The Kennedy Benchmarking Clearinghouse (KBC) is an organization for implementing an emerging methodology called "consortium benchmarking" in a competitive business environment. The partners in the KBC include NASA Kennedy Space Center and a number of its contractors. Within the KBC, the partners are represented by professionals in quality management and related disciplines.

"Benchmarking," as used here, is a disciplined approach for comparing and measuring your processes against best-in-class organizations (in any industry), identifying the best practices that enable superior performance, and adapting those best practices within your own organization to achieve breakthrough performance improvements. Benchmarking denotes a methodology, based on principles of quality management and process improvement, for developing and using quantitative and qualitative techniques, measures, and criteria for assessing the performances of processes and organizations. This methodology encompasses intra- and/or inter-organizational standardization, as appropriate, to facilitate exchanges and comparisons of performance-assessment information among individuals and organizations, with the ultimate goal of adapting best practices and thereby improving performances.

This Flow Chart depicts the steps of benchmarking according to the KBC model.

Consortium benchmarking — benchmarking performed by a group or groups of organizations— is predicated on collaborative, long-term partnerships for sharing the best and most effective practices of all member organizations and of innovative "best-in-class" outside organizations as well. It offers a less-costly alternative to conventional benchmarking because member organizations share the burden of benchmarking studies. Consortium benchmarking is appropriate when any or all of the following conditions occur:

  • Partners have limited resources to devote to benchmarking.
  • Partners have minimal experience in performing benchmarking studies.
  • Partners share a technological culture and language, so that meaningful comparisons can be made quickly and easily.
  • Partners share the same measurement system.
  • Partners frequently use similar technologies, processes, and systems.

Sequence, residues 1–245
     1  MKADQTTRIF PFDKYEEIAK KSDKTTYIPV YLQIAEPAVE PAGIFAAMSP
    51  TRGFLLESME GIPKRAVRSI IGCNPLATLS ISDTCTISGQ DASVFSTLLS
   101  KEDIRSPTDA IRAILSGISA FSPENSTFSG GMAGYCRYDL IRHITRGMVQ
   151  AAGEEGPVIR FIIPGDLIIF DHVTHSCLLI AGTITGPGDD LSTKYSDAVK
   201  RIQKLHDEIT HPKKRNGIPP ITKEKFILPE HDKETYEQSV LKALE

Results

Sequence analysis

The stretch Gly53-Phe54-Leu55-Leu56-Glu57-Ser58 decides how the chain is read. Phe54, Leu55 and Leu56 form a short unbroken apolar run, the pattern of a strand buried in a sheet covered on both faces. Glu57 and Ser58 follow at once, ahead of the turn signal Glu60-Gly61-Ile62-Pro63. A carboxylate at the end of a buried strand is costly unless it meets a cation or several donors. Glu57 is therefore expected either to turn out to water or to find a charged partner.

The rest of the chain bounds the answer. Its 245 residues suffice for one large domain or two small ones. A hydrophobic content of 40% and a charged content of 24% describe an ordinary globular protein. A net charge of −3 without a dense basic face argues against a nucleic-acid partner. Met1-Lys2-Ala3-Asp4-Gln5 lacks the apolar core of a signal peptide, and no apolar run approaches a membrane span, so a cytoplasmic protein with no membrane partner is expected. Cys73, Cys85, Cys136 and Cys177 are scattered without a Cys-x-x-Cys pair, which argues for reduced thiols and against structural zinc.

• Partners are located in proximity.
  • Partners meet regularly or at least have already established a forum.

The KBC model for consortium benchmarking (see figure) incorporates a vision, a charter, a two-phase methodology, norms, a reporting structure, and a code of conduct. Within the KBC, processes to be examined in benchmarking studies are selected according to a consensus approach that reflects a multiple-organizational determination of needs, priorities, and objectives. The KBC has provided a foundation for continued benchmarking at Kennedy Space Center through the development of common terminology and techniques. In addition to enhancing benchmarking skills among members, the KBC has strengthened an organizational culture that values continual improvement and teamwork to achieve excellence. This unique model for consortium benchmarking is transferable to other organizations interested in accelerating business changes that can lead to large improvements in the performances of products, processes, and services.

This work was done by Tim Barth of Kennedy Space Center; Cathy L. Horton of NASA Headquarters; Darcel E. Drew of the Boeing Co.; Jeannette J. Eads of EG&G Florida, Inc; Nilgun A. Leavitt of Dynacs Engineering Co., Inc.; Sara C. Morrison of United Space Alliance; and Fred A. Lockhart of Lockheed Martin. For further information, access the Technical Support Package (TSP) free on-line at under the Mathematics and Information Sciences category, or circle no. 161 on the TSP Order Card in this issue to receive a copy by mail ($5 charge).

Inquiries concerning rights for the commercial use of this invention should be addressed to

the Patent Counsel
Kennedy Space Center; (407) 867-6225.

Refer to KSC-11888.

NASA Tech Briefs Magazine

This article first appeared in the February, 1998 issue of NASA Tech Briefs Magazine.

Read more articles from the archives here.